On debian the program is cpulimit.

I think using nice or renice is better practice. Hard throttling is way more inefficient.

It may be, but it doesn't solve some of the problems that cputhrottle does. My main use for cputhrottle is to limit the CPU usage of Flash. It's not that I want to use the CPU for something else, at least not at the moment, but I don't want my laptop's fans to turn on, the whole thing to heat up and it to kill my battery life. [re]nice will only allow another process to get CPU priority, it won't keep the CPU utilization low.

The bizarre part, when it comes to Flash, is that I've yet to see an actual difference in the application behavior when I throttle down it's CPU usage. I would think that if it normally maxes out 7 of my 8 logical cores, being limited to 40% of one core would make introduce slowness. But I guess that's just an indication of how poorly written the OS X flash client it.

You might not notice the difference, but that guy at Apple who's only getting 5% of his usual haul of bitcoins this month sure will!

Flash is running an event engine like JS under there. Your comment made it occur to me that they might busywait, rather than having a proper scheduler. This seems insanely lazy.

It's not a busywait, they use the extra CPU to render additional animation frames. But half the time the difference is not visible anyway.

Only yesterday I was raging at Flash for continually chewing up my CPU and RAM. I hadn't even considered setting limits on the processes. So thank you for the suggestion.

Nice solves a different problem: Making sure that less important programs don't hog cpu time.

I use cpulimit to force a CPU bound program to slow down. I also use it for programs that always max out the CPU for no good reason, and work fine with less CPU.

Nice won't help with either of those.

The kill -STOP command works on linux too

It does, but cpulimit repeatedly stops/continues the program to keep it within a certain amount of CPU.

It works pretty good, but I have had flash games crash if you limit them too low for a while.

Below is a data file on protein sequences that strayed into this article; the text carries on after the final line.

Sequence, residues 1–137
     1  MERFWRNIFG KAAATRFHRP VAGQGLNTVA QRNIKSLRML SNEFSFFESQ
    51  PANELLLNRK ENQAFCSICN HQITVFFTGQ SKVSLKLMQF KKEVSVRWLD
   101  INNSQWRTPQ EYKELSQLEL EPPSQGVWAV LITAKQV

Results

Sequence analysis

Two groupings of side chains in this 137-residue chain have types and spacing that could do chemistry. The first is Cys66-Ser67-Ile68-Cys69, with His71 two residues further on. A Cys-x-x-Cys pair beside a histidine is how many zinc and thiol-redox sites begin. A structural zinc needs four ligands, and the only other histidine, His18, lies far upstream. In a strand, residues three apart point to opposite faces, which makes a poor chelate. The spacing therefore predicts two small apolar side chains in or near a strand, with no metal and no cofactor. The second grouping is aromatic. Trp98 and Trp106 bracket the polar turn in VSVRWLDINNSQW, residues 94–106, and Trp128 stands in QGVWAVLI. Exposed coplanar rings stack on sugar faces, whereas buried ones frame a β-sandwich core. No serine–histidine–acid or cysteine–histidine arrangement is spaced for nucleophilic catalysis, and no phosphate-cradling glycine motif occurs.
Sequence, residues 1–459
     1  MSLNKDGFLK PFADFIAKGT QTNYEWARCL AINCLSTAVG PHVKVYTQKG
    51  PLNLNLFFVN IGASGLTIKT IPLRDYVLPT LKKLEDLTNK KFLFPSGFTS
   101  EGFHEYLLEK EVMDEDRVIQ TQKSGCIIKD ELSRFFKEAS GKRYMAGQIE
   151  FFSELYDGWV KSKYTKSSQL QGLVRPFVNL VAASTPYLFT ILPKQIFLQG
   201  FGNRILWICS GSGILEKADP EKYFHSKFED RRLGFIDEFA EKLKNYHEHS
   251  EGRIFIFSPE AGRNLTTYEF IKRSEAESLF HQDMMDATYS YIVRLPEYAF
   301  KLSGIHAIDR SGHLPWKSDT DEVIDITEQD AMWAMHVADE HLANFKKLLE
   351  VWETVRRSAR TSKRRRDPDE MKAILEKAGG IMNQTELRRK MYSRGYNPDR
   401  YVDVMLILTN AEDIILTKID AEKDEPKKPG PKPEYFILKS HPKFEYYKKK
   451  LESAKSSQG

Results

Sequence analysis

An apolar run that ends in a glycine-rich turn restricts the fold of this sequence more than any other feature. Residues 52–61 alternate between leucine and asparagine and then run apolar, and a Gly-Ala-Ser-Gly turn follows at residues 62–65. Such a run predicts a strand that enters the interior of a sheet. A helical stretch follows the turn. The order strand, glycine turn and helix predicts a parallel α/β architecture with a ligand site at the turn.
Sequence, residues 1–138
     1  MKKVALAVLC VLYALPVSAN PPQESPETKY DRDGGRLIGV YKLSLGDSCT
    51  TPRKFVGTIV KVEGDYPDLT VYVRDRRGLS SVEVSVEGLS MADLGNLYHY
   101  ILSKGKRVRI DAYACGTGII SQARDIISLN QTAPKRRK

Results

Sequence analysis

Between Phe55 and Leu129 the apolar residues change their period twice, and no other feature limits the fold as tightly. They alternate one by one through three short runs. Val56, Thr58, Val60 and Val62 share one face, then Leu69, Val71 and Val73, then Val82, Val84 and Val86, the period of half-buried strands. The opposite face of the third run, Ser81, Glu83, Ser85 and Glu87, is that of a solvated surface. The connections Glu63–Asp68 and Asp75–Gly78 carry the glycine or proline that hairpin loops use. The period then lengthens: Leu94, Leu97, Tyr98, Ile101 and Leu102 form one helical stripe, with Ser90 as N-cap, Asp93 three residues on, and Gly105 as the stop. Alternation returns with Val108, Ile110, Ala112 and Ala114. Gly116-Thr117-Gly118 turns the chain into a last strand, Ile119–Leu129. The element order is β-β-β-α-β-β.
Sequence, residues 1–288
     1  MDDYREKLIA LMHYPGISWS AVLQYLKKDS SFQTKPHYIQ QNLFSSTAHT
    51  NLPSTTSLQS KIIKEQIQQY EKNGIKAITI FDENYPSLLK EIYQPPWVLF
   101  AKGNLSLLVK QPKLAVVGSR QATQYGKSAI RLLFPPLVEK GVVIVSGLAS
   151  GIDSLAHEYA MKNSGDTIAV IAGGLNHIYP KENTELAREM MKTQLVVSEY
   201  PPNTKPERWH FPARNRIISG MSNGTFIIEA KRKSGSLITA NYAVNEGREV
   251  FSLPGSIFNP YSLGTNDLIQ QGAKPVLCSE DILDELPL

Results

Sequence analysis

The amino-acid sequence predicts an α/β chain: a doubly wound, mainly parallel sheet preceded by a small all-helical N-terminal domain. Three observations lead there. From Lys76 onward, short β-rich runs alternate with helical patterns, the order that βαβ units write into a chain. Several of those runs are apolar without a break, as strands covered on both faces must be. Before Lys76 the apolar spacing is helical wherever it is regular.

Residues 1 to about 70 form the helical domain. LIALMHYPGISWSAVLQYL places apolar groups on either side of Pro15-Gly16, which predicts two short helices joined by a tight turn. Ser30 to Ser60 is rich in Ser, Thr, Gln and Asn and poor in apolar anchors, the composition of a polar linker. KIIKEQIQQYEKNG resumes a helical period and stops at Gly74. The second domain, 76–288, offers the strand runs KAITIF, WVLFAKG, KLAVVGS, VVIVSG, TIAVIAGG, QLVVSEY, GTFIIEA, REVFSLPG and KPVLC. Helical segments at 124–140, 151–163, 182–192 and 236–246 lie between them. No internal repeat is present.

Ok I had a total brain-fart there.. I didn't realize that you were responding about the cputhrottle command. Whoops

Great app but I have one request. Can you please modify it so instead of pausing the game until my SO is done talking, it pauses my SO until my game is done its cutscene? Thanks in advance.

Ah, I didn't know Adam Sandler posted on Hacker News.

Try this: http://placebobutton.com/ It was featured on HN recently.

This should be a basic requirement for all games. Even before I was married my mom would call or someone would ring the doorbell. And when I was a kid I had to go down to dinner or take out the trash.

"Tricks of the Mac Game Programming Gurus [http://www.amazon.com/Tricks-Mac-Game-Programming-Gurus/dp/1... actually dedicated about a paragraph or two to the topic, driving home the point that a game that cannot be paused is leaving N% of potential players on the table right out of the starting gate (and I believe they even had a hypothetical about "little Jimmy" not being able to pause to take out the trash and therefore his parents uninstall the game).

These days of MMOs and other coordinated time-sinks make me miss the simplicity of pausable single-player and turn-based multiplayer sometimes.

That is probably 90% of the reason I stopped playing multiplayer games. Which sucks because the number of single player games I want to play is, I feel, getting smaller over the years. There was a day when first person shooters, no matter how good the multiplayer was, had a single player campaign as well. There was a day (even when processors were absolute shit) when you could add bots into the game and they would play like humans with personalities.

Hell, even the single player games are getting to be unpausable. How many cut scenes are there in GTAV? And if other duties are at hand, the only option is to skip the story line so you can pause.

One problem with real-time multiplayer games is also the sensitivity to latency. It can very easily be impossible to play any game that is sensitive to latency together with people from several continents. I'd wish there'd be more games that don't rely on fast connections. CIV 5 is good exception, with it's well though-out multiplayer modes.

That reminds me of the old "Supervisor Key" in classic early games.

Yeah! Like the boss key in Leisure Suit Larry: http://www.mobygames.com/game/leisure-suit-larry-goes-lookin... Now THAT is a job ad ;-)

"Oh yeah, I was just working on this spreadsheet." Those were the days...

Years ago, I wondered why hypervisor-level pause (and memory snapshots, for that matter) weren't just expected features for game consoles.

These days I can at least hit the Home button on a Wii U game and expect it to work. Emulators are still hogging save-states all to themselves, though.

It's why I love the Nintendo DS and its successor the 3DS - any game can be paused just by closing the lid! In this low-power mode it can last for many hours, possibly days.